18 Dec 02. Following the profits warning debacle involving BAE SYSTEMS £1bn contract problems, those shareholders, employees and avid readers of BATTLESPACE may like to reflect on the remarks made to the Times by UK procurement supremo Sir Robert Walmsley in a Times interview in June, reported in our Farnborough issue, he remarked on his role in a statement to the Times as, “helping to transform a somewhat bloated, bureaucratic defence-aerospace sector that had grown fat on a bottomless pit of government contracts and taxpayers’ money.” Those readers and shareholders will be wondering where these fat cats reside? Certainly not within BAE SYSTEMS!
When the fixed price contracting regime was introduced it was envisaged that a number of small to medium sized businesses would go to the wall or merge and this is what happened. A number of observers stressed that rather than increasing the MoD’s choice of contractor it would be limited to a few companies of size such as BAE SYSTEMS, Thales, EDS, Raytheon, General Dynamics, Boeing and Lockheed Martin to name a few.
The hammer blow delivered to BAE SYSTEMS last week by the MoD in its refusal to fund any increase in costs to its Astute and Nimrod programme should be a warning to all the above companies in the current climate where the MoD ultimately reports to Gordon Brown, whose policy on having a long-term defence industrial base remain vague to say the least. Some observers have commented that a long term decline of the defence industry is a distinct possibility.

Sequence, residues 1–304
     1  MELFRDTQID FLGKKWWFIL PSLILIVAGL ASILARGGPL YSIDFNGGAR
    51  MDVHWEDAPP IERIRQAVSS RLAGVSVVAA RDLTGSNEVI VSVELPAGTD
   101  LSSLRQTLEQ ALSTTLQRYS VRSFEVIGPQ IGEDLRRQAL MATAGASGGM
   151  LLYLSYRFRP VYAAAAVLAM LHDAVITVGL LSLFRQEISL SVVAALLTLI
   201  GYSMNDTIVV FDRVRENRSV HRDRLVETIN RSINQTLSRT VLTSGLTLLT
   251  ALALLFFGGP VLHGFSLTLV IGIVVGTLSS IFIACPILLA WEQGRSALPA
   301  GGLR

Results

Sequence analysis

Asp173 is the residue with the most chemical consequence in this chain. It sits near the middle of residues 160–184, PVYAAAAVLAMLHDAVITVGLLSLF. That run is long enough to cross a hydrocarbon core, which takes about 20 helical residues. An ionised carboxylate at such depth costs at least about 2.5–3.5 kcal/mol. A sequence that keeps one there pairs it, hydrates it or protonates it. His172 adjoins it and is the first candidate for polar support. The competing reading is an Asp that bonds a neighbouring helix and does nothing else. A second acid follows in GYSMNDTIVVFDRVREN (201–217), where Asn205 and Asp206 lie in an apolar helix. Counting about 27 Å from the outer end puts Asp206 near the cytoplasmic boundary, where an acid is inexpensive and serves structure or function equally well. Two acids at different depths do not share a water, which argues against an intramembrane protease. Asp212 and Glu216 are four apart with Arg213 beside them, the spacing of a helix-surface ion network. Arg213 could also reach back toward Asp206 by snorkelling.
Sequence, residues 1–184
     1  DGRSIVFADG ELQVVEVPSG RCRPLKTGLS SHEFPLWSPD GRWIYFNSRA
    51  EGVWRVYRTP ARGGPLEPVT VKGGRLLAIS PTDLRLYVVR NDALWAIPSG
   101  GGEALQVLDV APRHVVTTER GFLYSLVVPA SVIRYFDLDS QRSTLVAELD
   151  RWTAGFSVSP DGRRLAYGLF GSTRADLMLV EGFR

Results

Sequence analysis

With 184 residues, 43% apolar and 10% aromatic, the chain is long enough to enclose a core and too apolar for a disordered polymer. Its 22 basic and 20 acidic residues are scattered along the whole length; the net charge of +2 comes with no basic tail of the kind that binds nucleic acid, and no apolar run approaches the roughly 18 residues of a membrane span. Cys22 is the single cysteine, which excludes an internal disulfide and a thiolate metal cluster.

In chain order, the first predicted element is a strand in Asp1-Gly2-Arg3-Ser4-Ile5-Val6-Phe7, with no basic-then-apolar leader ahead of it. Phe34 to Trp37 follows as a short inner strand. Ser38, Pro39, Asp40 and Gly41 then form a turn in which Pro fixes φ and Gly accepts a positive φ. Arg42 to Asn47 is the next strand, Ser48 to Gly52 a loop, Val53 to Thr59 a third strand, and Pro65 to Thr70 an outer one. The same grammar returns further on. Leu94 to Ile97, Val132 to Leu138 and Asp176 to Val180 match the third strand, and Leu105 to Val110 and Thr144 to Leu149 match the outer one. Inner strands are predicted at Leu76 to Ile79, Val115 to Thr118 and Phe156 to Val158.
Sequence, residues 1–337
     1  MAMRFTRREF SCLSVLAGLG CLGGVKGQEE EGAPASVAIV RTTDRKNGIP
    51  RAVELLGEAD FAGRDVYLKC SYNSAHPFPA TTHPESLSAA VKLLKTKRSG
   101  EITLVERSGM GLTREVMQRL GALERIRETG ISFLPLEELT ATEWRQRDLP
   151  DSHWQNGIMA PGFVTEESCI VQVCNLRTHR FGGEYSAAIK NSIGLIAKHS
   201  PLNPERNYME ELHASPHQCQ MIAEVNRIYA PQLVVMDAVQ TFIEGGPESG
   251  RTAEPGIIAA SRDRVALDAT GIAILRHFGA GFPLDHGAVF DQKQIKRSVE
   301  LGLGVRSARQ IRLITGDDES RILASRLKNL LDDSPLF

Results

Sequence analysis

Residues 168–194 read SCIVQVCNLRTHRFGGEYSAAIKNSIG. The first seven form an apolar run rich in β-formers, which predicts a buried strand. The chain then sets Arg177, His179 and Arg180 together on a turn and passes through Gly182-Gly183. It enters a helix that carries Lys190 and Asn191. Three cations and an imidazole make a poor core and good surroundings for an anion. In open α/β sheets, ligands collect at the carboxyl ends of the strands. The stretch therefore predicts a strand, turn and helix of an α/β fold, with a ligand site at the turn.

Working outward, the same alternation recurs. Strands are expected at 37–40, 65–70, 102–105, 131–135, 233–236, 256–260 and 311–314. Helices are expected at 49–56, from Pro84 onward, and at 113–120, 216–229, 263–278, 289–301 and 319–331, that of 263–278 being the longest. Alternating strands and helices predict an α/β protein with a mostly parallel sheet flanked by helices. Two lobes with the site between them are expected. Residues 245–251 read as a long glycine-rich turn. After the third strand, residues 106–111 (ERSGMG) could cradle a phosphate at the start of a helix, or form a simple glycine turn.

Patricia Hewitt’s DTI has made some headway in attempting to preserve some of the base by ensuring that all contracts are not looked at as just the best price but also on the basis of preserving some form of national technology and IPR.
Some would have expected that in the light of the disastrous trade figures that the Mod would have taken a more conciliatory view over BAE’s problems.
A further problem arose over the Eurofighter Typhoon programme on Monday where BAE attempted to renegotiate the ground attack version as a partial pay off for its other problems, this also failed. Our report that the Link 16 part of the project remains a problem appears to be the tip of the iceberg and the MoD is now demanding an open architecture software system for the fighter to prevent costly changes when new systems such as ground attack systems and Meteor are included. Where the fault lies here is still under discussion.
The British government said on Sunday it remains committed to the Eurofighter aircraft program, but speculation continues that the Ministry of Defense wants to scrap the third tranche of 88 Eurofighter planes and make the ground attack changes to the second batch of 89. The UK has signed up for 232 of the aircraft at a cost of £10bn($15.9bn). Germany has also refused to comment that it too wants to scrap tranche 3, and it may be that both countries wish to preserve their workshare on the project in the hope that a number of the tranche 3 aircraft can be leased to Greece and Singapore, the latter of which is negotiating hard for technology transfer.
The MoD said, “We continue to have full confidence in the Eurofighter Typhoon and continue to believe it’s a very good aircraft. We have every confidence in
its future and our commitment to the program remains unchanged,” he said.
The UK government also appointed UBS Warburg as its financial adviser to look into the company. Warburgs appointed Financial Dynamics, which numbers Thales in its client list as PR consultant to look into BAE’s City relation prior to the announcement.
So who is to blame? The rule is that you should negotiate from a position of strength and BAE’s senior management may not have known the true black hole in the projects until the last minute prior to meeting the government. In the furore prior to and after the announcement the sights were very much turned on Mike Turner, Dick Evans and the BAE PR machine for faili